From Where We Are

USC Marshall student receives scholarship to catapult dream of developing first Haitian library

In an interview with Annenberg Radio, USC Marshall scholar Bérénice Sylverain shares her plan to build a one-of-a-kind Haitian studies library, while also disclosing her late mother’s influence along the way.

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JAMEELA HAMMOND: Bérénice Sylverain, a U.S. Marshal student, was awarded a UK marshal scholarship to develop the first ever library dedicated to Haitian studies out of nearly 1000 applicants. She was one of just 41 recipients this year for the prestigious scholarship, which includes Supreme Court justices and Pulitzer Prize winners among its previous awardees. Berenice, thank you for joining us and a sock posse.

BÉRÉNICE SYLVERAIN: Thank you so much. I’m so pleased to be here.

JAMEELA HAMMOND: Thank you so much for joining us.

COLBY MARTIN: So, Bernice, what does it mean for you to be a part of this prestigious group to create your passion, which is to build a library dedicated to Haitian studies?

BÉRÉNICE SYLVERAIN: Well, for me, what this means is, you know, I’m basically a vehicle for the change that I would like to see in Haiti. And this is the next step for me being a Marshall scholar, which would allow me to study Latin American studies and comparative social policy. And at the moment, there is so much that is needed in Haiti in terms of how the government is structured, how things are run. And so honestly, this is just me trying to be that voice for the Haitian people and for the country.

JAMEELA HAMMOND: Absolutely. And that’s that’s incredible and this is incredible work that you’re doing. But for folks to get a true grasp of this, this passion that you have and being half Haitian, this is incredible, by the way. You know, but how did you discover that Haitian studies and literature were your niece?

BÉRÉNICE SYLVERAIN: It’s I think it all started out with my mother, honestly, since I was a little girl. You know, my love for Haiti, I was born there, but I left at a young age. And then once I started to really delve into my studies first as a comparative literature major that I realized exactly what I wanted to do, and I had people who guided me towards that choice, especially, you know, I, you know, the mentors that I worked with at Columbia when I was there for my undergrad and I just knew it. You know, you just feel it in your heart and in your bones when something is meant for you. When I started to just read the literature and the history and trying to understand the diplomats in the bureaucracy of Haiti, then I knew for myself that this was what I needed to do was to be a part of this movement and the need for change and advocacy.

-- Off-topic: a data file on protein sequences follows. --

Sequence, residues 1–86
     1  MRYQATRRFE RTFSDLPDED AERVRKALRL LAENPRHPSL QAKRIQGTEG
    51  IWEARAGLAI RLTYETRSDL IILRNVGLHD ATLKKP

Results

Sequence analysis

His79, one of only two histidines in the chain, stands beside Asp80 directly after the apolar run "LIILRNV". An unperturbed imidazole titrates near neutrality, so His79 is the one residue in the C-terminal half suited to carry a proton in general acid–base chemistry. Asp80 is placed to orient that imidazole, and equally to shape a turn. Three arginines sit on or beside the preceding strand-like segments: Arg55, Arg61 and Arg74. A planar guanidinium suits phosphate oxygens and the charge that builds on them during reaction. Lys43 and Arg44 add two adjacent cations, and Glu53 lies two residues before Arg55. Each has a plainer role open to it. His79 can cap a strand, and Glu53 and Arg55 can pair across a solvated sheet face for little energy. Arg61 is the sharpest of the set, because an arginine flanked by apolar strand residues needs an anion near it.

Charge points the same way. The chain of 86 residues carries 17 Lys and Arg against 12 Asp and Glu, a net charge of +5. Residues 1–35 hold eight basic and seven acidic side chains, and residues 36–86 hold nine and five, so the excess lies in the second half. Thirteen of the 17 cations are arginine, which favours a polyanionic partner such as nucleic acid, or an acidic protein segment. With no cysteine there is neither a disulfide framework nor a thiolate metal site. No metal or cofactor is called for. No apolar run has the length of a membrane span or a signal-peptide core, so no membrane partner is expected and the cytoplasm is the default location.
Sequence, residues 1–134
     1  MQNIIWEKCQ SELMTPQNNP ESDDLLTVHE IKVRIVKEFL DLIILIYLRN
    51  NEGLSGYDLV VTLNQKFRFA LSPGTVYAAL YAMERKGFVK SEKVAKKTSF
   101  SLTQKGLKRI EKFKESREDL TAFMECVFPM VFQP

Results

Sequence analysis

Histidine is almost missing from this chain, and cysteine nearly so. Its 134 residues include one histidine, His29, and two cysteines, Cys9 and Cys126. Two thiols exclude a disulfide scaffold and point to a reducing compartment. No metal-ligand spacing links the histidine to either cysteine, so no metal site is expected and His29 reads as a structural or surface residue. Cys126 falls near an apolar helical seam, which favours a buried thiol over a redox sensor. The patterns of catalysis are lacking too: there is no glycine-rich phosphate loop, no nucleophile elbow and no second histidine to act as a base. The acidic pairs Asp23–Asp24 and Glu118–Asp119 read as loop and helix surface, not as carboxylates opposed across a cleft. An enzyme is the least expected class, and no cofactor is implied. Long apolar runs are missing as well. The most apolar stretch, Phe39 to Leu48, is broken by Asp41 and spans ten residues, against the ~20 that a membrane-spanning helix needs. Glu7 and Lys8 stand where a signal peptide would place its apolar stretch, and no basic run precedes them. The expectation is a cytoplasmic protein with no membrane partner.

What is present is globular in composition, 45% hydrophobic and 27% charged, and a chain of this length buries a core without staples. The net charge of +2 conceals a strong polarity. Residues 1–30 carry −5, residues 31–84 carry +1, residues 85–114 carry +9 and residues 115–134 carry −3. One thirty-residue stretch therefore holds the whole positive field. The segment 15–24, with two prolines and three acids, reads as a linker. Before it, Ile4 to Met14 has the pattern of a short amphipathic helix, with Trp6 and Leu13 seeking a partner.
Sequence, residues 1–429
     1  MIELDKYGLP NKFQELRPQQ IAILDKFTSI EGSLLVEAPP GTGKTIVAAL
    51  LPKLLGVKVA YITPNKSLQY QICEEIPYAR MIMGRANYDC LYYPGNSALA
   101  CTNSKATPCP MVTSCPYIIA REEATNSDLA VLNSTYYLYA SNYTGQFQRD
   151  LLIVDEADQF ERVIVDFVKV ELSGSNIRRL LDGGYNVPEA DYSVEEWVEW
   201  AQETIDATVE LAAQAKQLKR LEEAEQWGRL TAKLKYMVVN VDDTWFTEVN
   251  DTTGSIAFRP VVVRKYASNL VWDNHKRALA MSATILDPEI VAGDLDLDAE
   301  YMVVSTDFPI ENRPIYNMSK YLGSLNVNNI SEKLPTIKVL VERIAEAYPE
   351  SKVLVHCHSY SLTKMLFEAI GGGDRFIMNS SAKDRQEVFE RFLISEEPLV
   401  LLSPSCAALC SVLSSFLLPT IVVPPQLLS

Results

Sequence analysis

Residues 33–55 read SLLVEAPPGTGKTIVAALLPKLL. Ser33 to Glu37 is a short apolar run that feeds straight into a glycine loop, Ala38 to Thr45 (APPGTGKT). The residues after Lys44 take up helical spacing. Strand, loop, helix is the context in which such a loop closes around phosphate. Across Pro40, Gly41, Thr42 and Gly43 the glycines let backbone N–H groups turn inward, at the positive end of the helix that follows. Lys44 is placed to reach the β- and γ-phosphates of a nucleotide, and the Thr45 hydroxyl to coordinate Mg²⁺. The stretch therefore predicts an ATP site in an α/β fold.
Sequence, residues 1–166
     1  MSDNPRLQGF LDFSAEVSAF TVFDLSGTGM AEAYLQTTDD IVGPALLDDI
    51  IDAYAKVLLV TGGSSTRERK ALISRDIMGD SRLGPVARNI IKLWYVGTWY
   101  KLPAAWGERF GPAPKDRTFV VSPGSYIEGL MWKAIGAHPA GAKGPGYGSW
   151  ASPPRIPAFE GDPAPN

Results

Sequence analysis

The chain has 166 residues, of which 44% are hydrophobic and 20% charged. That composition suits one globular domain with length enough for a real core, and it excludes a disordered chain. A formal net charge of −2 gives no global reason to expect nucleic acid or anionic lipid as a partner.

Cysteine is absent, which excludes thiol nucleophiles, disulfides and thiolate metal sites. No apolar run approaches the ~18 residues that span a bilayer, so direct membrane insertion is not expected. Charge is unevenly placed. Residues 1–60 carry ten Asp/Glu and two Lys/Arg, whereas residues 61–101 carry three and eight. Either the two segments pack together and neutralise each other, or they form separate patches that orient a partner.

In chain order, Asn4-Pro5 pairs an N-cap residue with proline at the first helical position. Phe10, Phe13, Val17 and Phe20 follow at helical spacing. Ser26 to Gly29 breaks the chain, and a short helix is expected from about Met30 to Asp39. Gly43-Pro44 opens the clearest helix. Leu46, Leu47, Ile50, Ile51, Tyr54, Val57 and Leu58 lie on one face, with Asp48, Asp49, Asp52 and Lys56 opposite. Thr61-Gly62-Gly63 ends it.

COLBY MARTIN: It’s really quite amazing to see what you have done with this movement and how much you are actually progressing it and what you stand for with it. Now, going back to your mother, I know that she had a pivotal role in your life up until she unfortunately passed away when you were 17. In what ways have you kept your mother’s spirit alive and how has she inspired you towards the actions and the goals you have, and still intend to take?

BÉRÉNICE SYLVERAIN: Yes. Well, the I think the first step in keeping my mother’s spirit alive is by talking about her and sharing what she had done for me. You know, in terms of inspiring me to be the woman I am today and to have the type of love that I have for literature and just, you know, our country, our nation, which is what I like to say. And so I think in with everything that I’ve done in my life thus far has been the way she’s influenced me. You know, sometimes I have people say, Well, you are her legacy, right? She wasn’t finished. She died at a young age and she wasn’t finished. And so I’m her continuation. And by doing these projects, by working towards, you know, creating this library tech that is her living on Google.

JAMEELA HAMMOND: Absolutely, absolutely. You know, there were so many there were new things that I learned, you know, about Haiti just in the article written like the legal documents from when Haiti was first established as a country that are in England. What was the most surprising thing that you learned about Haiti?

BÉRÉNICE SYLVERAIN: Well, I would say so when I had first learned that some of the documents were in England independence papers and so forth, it was actually discovered by university students. And I was in shock and especially learning the relationship that Haiti had with England during the early 19th century. What’s even more amazing to me? You know, I think a lot of people think of Haiti has a think of Haiti as having a relationship to France. You know, France being the colonizer. But a lot of people don’t realize that Haiti had actually a very strong relationship with England, especially before the war and after the war.

COLBY MARTIN: Bérénice Sylverain is a USC Marshall student who was awarded a Marshall Scholarship to develop the first ever library dedicated to Haitian studies.